Parent-child mutuality and preschoolers’ social problem solving in response to five narratives

  • Author / Creator
    Funamoto, Allyson
  • The current study examined whether: (a) mother- or father-child mutuality predicts social problem-solving (SPS) strategies preschoolers use and (b) boys and girls use varying strategies with different social problems. Fifty-eight parent-child dyads participated (29 girls and 29 boys between 25- and 42-months-old; M = 32.5, SD = 5.4). Dyads were individually videotaped playing together and were coded for mutuality using the Mutually Responsive Orientation Scale (Aksan, Kochanska, & Ortmann, 2006). One year later, children were videotaped completing stories from the MacArthur Story Stem Battery (Bretherton, Oppenheim, Buchsbaum, Emde, & the MacArthur Narrative Group, 1990). Responses were coded for (a) prosocial, (b) socially negative, and (c) avoidant SPS strategies. Results indicated that parent-child mutuality was not predictive of children’s SPS strategies, however boys and girls employed different strategies depending on the story stem. Findings and implications were discussed in light of literature on children’s social competence in different contexts.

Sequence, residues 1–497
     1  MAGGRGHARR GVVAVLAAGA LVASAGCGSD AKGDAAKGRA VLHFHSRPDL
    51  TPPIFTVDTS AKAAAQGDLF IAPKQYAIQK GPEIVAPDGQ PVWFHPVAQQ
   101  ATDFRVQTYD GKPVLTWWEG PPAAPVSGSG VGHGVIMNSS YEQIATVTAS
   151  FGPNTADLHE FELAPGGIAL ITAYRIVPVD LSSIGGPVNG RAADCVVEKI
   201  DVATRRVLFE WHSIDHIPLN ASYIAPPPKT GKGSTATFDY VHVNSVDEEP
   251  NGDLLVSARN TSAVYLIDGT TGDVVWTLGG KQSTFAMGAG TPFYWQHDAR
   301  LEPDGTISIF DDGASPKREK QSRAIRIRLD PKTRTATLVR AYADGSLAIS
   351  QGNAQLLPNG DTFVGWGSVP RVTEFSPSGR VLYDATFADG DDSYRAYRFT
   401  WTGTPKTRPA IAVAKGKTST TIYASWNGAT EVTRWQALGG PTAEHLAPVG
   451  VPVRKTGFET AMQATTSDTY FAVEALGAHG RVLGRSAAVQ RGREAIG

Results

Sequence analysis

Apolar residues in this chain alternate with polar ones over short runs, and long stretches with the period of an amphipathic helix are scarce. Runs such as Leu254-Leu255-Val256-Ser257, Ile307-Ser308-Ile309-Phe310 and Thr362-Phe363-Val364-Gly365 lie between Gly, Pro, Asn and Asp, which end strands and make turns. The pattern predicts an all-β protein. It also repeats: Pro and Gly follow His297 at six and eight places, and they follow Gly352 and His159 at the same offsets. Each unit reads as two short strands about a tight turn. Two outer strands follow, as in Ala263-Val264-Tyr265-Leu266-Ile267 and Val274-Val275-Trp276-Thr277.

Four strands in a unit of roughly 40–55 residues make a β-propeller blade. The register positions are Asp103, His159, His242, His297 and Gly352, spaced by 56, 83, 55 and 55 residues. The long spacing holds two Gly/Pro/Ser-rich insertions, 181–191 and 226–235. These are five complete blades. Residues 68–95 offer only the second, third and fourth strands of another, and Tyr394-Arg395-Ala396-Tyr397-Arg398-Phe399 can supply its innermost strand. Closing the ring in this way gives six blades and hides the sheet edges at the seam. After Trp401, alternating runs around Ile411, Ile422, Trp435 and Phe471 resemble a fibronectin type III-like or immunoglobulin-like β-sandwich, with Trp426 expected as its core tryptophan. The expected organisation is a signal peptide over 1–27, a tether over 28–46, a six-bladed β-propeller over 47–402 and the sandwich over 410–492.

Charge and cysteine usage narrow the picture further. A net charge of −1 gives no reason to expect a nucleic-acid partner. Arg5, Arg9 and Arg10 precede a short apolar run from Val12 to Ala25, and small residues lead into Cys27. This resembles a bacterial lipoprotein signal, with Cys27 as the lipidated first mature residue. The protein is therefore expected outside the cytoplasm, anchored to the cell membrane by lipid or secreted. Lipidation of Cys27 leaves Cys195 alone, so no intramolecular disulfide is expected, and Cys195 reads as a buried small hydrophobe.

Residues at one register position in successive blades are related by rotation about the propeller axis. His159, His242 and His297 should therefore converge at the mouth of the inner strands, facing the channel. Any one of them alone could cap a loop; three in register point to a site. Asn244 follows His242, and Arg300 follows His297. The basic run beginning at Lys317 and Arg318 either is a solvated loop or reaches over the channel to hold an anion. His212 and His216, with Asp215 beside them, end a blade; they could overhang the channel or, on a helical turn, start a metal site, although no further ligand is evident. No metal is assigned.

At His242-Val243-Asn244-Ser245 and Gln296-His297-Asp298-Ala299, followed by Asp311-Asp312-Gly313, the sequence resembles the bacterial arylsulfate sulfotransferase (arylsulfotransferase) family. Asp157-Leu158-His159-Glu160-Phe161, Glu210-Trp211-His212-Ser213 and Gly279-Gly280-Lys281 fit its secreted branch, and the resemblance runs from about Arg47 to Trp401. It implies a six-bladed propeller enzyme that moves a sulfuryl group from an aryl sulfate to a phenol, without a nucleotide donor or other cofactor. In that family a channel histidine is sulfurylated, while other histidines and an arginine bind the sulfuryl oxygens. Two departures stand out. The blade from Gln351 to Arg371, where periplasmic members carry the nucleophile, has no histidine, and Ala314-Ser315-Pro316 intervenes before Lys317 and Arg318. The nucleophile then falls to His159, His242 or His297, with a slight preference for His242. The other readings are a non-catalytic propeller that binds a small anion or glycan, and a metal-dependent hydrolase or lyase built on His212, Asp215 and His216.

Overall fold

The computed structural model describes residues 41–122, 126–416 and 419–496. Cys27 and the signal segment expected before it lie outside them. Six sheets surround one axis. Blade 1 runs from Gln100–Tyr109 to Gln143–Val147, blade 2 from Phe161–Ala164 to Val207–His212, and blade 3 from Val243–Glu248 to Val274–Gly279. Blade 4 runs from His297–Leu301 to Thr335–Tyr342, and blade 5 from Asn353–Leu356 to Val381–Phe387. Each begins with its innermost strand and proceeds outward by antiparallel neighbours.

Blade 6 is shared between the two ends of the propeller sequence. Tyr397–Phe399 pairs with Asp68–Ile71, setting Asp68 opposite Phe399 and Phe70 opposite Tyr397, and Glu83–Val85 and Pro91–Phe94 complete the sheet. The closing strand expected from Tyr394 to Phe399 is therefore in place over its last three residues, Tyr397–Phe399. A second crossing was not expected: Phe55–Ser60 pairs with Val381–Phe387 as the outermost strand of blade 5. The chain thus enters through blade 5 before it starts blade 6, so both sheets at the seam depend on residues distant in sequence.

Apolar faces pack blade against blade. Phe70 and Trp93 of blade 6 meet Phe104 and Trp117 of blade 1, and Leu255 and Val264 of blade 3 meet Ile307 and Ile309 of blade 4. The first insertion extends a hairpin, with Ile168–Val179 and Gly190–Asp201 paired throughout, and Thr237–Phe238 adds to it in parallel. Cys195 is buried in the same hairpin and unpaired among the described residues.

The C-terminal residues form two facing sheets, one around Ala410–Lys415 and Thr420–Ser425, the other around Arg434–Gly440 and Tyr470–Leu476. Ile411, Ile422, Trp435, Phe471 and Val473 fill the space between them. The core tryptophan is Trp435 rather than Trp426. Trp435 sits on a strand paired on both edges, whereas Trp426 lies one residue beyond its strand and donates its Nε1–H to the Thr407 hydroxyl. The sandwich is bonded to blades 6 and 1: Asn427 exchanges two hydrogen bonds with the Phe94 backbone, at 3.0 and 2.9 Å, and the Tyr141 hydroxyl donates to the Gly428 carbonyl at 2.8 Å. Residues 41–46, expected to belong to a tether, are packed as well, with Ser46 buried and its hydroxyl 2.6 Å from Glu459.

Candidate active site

• Subjects / Keywords
  • Graduation date
  • Type of Item
  • Degree
    Master of Education
  • DOI
  • License
    This thesis is made available by the University of Alberta Libraries with permission of the copyright owner solely for non-commercial purposes. This thesis, or any portion thereof, may not otherwise be copied or reproduced without the written consent of the copyright owner, except to the extent permitted by Canadian copyright law.
  • Language
  • Institution
    University of Alberta
  • Degree level
  • Department
    • Department of Educational Psychology
  • Specialization
    • Psychological Studies in Education
  • Supervisor / co-supervisor and their department(s)
    • Rinaldi, Christina (Educational Psychology)
  • Examining committee members and their departments
    • Pei, Jacqueline (Educational Psychology)
    • Prochner, Larry (Elementary Education)